In the last issue of Angel and Faith, Faith joined Kennedy's Deepscan Agency, a private security firm, but the Slayer doesn't have any luck fitting in. She keeps wanting to kill the clients.
This is absolutely fitting since the charismatic clucker feeds off the adoration of his fans, but his current target was an underage girl whose father attempted to rescue. Kennedy's not down with chicken-hawking either, but she's willing to accept that some responsibilities lie out of her hands. Not Faith. She's a Slayer through and through, and she's got a big shiny knife to emphasize her vocation.
Writer Victor Gischler spotlights the awesomeness in Faith, but he cleverly makes Faith's assets as a Slayer drawbacks for a grayer world of private investigation, which partly involves protecting the client's confidences. She also seems to have problem drawing her gun, preferring Slayer weapons. All of this makes sense.
Gischler mimics exactly how Eliza Dushku would have essayed the part in the story. Frequently, you hear Dushku as you read Faith's dialogue, and Will Conrad's phenomenal artwork captures the look and feel of the actress.
As Faith tries to fit in with the former Slayers at Deepscan, Angel resumes his hunt for Corky, the murderous Pixie, in Magic Town. Angel returns to consult Nadira, the half-human seer of the supernatural domain, and naturally she speaks in riddles.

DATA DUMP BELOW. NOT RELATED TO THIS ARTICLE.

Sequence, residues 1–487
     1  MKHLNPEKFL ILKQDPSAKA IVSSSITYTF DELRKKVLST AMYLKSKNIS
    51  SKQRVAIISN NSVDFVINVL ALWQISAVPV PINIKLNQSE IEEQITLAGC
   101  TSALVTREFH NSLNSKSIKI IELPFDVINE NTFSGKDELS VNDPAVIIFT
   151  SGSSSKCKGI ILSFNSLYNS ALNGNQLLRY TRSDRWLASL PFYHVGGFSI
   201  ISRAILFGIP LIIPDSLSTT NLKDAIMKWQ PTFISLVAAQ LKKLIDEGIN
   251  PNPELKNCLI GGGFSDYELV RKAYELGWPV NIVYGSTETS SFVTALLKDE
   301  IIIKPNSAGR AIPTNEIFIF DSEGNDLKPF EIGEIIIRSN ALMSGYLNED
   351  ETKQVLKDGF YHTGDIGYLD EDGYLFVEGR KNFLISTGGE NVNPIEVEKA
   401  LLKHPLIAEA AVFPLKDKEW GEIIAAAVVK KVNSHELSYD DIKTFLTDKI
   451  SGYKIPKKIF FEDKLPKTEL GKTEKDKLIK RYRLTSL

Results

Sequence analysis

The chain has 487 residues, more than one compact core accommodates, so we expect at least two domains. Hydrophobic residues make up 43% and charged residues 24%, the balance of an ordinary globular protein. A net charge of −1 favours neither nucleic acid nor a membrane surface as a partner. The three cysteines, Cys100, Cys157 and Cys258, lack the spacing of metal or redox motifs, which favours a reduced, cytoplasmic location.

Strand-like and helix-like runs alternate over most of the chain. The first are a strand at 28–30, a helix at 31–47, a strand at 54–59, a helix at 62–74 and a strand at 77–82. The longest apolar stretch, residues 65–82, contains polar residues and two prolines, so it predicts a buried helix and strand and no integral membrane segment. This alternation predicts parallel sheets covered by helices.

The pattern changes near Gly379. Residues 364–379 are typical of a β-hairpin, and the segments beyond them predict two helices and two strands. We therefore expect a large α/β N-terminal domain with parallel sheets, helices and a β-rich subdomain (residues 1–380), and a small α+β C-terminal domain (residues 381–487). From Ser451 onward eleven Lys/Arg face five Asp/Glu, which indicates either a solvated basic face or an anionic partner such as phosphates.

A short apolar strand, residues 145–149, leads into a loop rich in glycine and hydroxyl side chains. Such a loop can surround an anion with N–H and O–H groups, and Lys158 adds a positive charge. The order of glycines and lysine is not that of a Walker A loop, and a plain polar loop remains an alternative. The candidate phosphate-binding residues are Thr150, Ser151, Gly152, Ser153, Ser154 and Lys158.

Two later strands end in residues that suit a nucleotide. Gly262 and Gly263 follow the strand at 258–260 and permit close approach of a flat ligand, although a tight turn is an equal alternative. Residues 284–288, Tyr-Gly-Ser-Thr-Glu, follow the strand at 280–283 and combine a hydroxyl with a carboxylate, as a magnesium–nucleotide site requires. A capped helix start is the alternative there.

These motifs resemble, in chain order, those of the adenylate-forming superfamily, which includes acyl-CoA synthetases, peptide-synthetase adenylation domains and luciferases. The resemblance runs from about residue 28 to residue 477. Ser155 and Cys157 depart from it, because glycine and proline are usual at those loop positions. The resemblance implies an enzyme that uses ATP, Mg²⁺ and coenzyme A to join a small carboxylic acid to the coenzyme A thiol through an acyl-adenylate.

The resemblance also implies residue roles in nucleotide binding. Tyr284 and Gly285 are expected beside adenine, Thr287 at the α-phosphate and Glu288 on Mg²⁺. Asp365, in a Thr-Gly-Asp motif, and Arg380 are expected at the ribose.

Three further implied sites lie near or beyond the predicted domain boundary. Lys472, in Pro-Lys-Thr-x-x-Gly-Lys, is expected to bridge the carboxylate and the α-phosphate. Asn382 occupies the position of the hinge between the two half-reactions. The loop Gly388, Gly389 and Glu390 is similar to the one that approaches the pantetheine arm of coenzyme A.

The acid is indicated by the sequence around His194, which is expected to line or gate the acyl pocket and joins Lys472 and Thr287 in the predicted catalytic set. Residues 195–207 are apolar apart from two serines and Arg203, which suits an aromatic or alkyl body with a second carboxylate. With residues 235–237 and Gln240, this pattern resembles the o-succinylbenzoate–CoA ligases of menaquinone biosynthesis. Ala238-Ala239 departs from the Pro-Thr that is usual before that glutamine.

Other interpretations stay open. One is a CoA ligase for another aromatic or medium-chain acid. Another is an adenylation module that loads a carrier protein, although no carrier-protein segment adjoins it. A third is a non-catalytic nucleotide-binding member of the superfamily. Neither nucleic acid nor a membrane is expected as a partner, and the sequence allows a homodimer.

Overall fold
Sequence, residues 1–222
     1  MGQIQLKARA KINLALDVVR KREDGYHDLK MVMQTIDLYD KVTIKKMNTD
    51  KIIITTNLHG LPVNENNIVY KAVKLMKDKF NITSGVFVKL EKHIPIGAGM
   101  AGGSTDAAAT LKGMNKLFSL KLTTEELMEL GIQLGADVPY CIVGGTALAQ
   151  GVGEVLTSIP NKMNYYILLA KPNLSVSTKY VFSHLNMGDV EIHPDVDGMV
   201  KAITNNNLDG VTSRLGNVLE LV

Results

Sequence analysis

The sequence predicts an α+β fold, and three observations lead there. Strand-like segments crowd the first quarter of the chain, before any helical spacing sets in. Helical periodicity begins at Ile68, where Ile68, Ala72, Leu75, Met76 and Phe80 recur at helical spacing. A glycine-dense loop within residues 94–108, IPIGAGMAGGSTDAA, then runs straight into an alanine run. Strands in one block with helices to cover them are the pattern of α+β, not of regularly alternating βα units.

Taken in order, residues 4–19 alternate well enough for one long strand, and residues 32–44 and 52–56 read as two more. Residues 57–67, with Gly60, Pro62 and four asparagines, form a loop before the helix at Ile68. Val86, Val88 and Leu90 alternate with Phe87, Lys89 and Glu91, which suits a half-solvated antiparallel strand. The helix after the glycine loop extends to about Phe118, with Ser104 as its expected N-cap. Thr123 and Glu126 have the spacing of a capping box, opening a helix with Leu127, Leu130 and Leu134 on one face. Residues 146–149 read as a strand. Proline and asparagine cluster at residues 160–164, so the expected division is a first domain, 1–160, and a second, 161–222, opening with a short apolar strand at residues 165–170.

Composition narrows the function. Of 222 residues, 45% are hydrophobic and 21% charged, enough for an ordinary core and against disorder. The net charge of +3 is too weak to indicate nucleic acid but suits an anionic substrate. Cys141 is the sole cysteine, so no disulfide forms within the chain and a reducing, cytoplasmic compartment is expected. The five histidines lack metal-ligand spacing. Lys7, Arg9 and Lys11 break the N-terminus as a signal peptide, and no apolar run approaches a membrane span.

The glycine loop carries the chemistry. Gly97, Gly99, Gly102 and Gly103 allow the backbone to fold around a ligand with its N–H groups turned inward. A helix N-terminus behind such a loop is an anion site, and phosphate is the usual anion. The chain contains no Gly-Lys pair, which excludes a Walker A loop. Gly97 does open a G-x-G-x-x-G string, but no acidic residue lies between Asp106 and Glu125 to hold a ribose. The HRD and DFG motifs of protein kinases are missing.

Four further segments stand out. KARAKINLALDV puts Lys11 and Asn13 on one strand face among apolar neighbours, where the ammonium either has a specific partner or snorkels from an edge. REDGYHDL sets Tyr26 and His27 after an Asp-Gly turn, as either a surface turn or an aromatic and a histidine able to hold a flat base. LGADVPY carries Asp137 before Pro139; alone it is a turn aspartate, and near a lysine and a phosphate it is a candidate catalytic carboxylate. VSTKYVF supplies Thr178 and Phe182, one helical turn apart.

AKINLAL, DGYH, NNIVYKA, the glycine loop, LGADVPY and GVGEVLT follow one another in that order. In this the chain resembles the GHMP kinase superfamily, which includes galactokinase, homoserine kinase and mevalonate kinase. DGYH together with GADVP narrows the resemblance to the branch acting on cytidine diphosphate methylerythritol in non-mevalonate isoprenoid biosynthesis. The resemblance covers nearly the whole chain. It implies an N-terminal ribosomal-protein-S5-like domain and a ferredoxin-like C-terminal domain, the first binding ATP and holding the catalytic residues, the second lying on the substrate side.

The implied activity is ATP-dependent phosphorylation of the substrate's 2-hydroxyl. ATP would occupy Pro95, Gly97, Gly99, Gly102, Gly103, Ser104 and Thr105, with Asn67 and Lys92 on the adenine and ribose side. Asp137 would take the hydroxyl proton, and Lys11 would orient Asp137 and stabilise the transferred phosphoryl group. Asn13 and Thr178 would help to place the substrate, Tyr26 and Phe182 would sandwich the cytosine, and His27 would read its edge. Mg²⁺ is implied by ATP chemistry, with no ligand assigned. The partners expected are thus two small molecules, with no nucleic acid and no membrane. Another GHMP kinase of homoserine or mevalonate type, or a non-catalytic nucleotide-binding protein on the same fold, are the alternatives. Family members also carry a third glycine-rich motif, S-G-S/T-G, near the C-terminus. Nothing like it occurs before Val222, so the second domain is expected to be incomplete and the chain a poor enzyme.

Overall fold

Her advice brings Angel into contact with various denizens of the hocus-pocus address, but the centerpiece occurs when he meets the hilarious and humongous glass blower, a truly unique creation filled with a combination of absurdity and horror.
Angel and Faith is a winner, and I'll be adding it to my subscription list.
Doc Savage reaches the present day and deals with the horrors of the modern world. First, he must rescue two team members investigating filth that exploits children as soldiers.
Next he finds his entire global operation under the assault of a psychopathic hacker. For a story that runs more on disaster and stemming a tide of destruction rather than fisticuffs and battling would-be world dominating madmen, this is a pretty exciting issue.
Flash Gordon actually arrived last week. So apologies for the late review. Flash, Dale Arden and Professor Zarkov enjoy the hospitality of Prince Barin and the Arboreans. The reason behind the hospitality is due to Dale's quick-thinking and duplicity.
At first there's much rejoicing. Our heroes sample the local cuisine and games. One game in particular attracts Flash Gordon to the arena.
As the group flaunt their false status, word begins to reach the planet about the exploits of Flash Gordon and company and how the earth resisted Mongo's takeover. This occurred in King's Watch, which reunited Flash, Mandrake and the Phantom. It definitely needs to be on your trade paperback buy list if you missed the mini-series.
Jeff Parker reintroduces one of Flash's oldest allies in a whole new way. Apart from the blue skin, Barin exhibits an allegiance to Mongo that's partly due to his having no choice in the matter. As the story unfolds, Parker turns the sense of wonder into a sense of horror. We discover what Mongo demands for Arborea's "protection."